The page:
Friday, August 30, 2013
In a World Movie Review
We’re so accustomed to hearing those deep baritone voices intoning the details of the latest blockbuster that we hardly even think about the fact that there’s an actual person behind that voice. The trailer for Jerry Seinfeld’s Comedian called attention to this and movie trailer voiceover conventions about a decade ago. But then you realized you can’t ever recall hearing a female voice promotion a big Hollywood release. Lake Bell, who wrote, directed, produced, and stars in In a World must have taken note because she came up with an amusing take on a woman’s quest to break through that glass ceiling an swipe voiceover work from a the familiar male voices that have always dominated the industry.
The voiceover industry itself must be a bizarre little subset of Hollywood fame. Of course we recognize big stars when they provide audio life to animated characters. Disney started that trend probably with Robin Williams voicing the Genie in Aladdin and then studios realized they could capitalize on star power in promoting their product. But behind the stars who step in for the occasional big role are those who make a career of lending their pipes to commercials, trailers, and secondary animated characters. In a World gives us entrance to that world, although I can’t be sure of how much is accurate and how much is satirical fantasy. Is there really such a thing as the Golden Trailer Awards where prizes are given for the Best Teaser Trailer? (It turns out the awards actually exist). Regardless, it makes for an ironically satisfying climax when Carol’s (Bell) father receives a lifetimes achievement award for his voiceover work.
Bell makes In a World into a tale of female empowerment viewed through the lens of a mildly satirical look at wannabe Hollywood. Carol wants to work more than anything, but her vocal coaching of stars like Eva Longoria (she’s having some trouble mastering the Cockney accent) isn’t enough to get her out of dad’s house. It’s unfortunate for her that she works in a male-dominated industry and that her father (voice and film actor Fred Melamed, whose bear-like hulking presence imposes itself on everyone around him) happens to be a big player within it – and he doesn’t think a woman will ever achieve what a man will in that field. He puts his energy in support of Gustav Warner (Ken Marino), the next big thing in voiceover talent and possibly the guy who will retake the position once held by the late Don LaFontaine, the legend who coined the titular phrase ubiquitously employed in trailers for so long.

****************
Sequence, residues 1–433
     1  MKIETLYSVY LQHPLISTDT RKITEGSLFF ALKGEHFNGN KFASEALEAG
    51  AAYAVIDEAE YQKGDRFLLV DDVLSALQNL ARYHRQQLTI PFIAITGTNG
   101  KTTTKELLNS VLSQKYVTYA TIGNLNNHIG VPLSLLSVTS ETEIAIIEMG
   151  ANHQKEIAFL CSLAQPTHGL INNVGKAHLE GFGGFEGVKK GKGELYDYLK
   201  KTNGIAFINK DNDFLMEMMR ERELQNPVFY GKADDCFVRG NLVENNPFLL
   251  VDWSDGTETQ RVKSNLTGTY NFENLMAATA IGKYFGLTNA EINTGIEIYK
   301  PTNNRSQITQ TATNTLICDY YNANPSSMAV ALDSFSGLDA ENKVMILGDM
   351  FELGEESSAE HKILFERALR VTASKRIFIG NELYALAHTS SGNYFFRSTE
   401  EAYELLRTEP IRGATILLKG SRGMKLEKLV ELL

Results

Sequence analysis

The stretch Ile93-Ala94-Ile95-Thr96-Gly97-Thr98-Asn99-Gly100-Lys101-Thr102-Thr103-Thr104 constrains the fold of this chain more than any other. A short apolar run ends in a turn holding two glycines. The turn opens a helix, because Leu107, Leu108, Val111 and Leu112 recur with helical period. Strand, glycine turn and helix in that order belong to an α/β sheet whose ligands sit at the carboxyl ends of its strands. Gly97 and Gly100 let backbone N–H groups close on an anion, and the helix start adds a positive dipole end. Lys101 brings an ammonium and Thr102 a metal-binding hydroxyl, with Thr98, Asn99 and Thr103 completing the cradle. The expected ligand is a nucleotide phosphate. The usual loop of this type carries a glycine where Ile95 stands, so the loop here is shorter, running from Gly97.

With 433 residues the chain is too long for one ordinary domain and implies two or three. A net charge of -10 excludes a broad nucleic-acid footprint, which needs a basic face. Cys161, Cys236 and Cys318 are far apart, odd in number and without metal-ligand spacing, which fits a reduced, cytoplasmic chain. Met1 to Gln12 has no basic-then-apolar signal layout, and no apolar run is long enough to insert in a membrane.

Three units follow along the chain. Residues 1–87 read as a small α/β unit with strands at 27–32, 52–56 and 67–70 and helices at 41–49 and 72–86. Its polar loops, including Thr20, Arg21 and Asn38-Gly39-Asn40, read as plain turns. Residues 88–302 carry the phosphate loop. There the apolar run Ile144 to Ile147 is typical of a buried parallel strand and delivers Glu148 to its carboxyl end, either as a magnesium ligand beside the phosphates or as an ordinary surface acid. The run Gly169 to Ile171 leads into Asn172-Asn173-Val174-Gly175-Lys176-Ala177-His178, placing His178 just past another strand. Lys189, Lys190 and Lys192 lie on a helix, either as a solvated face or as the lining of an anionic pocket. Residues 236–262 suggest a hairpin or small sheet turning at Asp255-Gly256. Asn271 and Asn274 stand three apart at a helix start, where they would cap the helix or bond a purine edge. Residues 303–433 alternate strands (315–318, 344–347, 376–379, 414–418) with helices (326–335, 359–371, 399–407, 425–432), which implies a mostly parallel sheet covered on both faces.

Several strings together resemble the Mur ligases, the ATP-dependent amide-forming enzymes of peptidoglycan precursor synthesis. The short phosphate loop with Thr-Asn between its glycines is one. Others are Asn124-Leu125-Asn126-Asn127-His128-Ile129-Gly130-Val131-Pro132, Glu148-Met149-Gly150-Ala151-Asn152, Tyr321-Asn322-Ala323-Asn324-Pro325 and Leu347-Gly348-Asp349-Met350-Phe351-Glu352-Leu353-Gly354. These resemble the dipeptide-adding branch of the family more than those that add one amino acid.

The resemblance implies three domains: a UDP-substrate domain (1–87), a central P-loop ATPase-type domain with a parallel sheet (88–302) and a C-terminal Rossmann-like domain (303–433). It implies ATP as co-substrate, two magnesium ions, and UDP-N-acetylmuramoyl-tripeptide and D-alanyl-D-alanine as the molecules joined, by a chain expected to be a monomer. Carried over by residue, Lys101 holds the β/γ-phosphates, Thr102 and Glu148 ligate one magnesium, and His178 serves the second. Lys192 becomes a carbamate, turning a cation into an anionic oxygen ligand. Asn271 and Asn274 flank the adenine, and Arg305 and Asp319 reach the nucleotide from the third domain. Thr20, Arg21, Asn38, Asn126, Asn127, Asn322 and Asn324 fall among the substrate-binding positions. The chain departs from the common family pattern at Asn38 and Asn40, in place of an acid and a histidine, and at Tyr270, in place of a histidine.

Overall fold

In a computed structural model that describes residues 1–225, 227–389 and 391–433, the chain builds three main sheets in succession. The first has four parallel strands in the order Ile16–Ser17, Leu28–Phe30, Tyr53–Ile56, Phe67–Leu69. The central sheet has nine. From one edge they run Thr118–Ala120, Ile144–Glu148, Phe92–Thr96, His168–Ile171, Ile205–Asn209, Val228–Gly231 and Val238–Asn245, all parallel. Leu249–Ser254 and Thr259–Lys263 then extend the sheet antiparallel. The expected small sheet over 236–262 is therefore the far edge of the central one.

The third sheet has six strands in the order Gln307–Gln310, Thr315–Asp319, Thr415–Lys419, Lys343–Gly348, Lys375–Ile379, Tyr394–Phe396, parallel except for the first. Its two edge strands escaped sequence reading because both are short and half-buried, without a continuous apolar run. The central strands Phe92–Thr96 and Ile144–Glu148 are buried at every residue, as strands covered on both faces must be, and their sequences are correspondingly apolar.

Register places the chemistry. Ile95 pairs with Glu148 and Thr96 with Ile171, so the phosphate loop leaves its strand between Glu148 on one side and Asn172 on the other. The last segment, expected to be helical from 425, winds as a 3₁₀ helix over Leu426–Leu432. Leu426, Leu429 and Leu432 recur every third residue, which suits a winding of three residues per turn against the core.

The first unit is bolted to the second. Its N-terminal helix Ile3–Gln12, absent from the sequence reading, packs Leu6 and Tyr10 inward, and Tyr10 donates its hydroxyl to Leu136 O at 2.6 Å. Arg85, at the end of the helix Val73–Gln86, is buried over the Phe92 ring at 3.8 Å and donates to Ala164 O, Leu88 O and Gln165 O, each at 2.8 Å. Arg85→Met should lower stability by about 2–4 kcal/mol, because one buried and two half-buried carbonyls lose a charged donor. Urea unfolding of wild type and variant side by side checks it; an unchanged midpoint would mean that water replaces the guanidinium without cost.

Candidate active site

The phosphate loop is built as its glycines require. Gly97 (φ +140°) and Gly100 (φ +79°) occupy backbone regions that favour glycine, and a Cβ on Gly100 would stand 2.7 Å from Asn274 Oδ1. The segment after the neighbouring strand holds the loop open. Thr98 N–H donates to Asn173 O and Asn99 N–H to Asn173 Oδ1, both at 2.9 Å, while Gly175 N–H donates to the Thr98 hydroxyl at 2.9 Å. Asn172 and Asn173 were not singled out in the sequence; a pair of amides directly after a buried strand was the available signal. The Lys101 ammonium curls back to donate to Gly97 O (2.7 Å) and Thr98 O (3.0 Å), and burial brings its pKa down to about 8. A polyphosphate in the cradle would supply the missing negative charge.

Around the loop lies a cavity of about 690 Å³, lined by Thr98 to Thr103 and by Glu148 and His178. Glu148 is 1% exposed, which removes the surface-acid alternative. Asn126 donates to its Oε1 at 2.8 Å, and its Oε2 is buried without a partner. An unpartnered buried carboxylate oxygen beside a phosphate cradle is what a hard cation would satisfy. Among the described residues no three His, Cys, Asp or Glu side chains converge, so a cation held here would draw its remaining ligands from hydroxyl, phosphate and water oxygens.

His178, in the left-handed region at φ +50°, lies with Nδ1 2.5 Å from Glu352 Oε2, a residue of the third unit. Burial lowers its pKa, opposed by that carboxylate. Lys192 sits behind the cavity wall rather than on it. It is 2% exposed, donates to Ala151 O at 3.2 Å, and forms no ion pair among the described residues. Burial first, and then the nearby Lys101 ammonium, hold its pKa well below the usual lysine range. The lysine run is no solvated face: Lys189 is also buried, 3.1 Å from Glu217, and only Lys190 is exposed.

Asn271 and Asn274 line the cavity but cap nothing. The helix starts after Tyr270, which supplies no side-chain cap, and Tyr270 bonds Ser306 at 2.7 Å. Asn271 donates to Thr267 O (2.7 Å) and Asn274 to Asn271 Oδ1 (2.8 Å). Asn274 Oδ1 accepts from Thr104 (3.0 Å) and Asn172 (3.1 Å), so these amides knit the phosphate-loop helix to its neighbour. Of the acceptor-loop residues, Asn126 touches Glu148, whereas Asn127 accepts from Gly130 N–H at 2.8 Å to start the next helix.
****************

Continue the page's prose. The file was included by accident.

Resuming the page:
It’s not just that he fails to support the one daughter he has who actually wants to follow in his footsteps, but that he also doesn’t provide much for his eldest daughter, whose transgressions with another man put her marriage in jeopardy. This is a deeply feminist movie that doesn’t treat its male characters like second class citizens. When her husband (Rob Corddry) discovers her infidelity, it is the film’s heaviest and darkest section. His feelings are given equal weight in Bell’s careful screenplay along with the women.
Then she takes the audacious steps in the film’s closing moments of simultaneously digging at faux feminist pop lit like The Hunger Games (the big voiceover job is for the trailer for an adaptation of a fictional book quadrilogy known as The Amazon Games, obviously inspired by Suzanne Collins’ books) and asserting the power of women to subtly impart something subversive on the girls of today by hiring a woman to be the voice of the series. We live in a world where women have more professional opportunities than ever before, but in which the younger generation of women are content to do themselves a disservice by going around sounding like “sexy babies” instead of mature women. That’s great in the bedroom, Carol observes, but not so great for getting that job at a big law firm where you want to demonstrate that you can be the prosecutor to take down big criminals. It’s a world in which teen girls’ heroes having nothing at all to do with real empowerment and professional achievement. Lake Bell has hit on something vitally important if feminism is going to survive the better part of this century. Female millenials take note.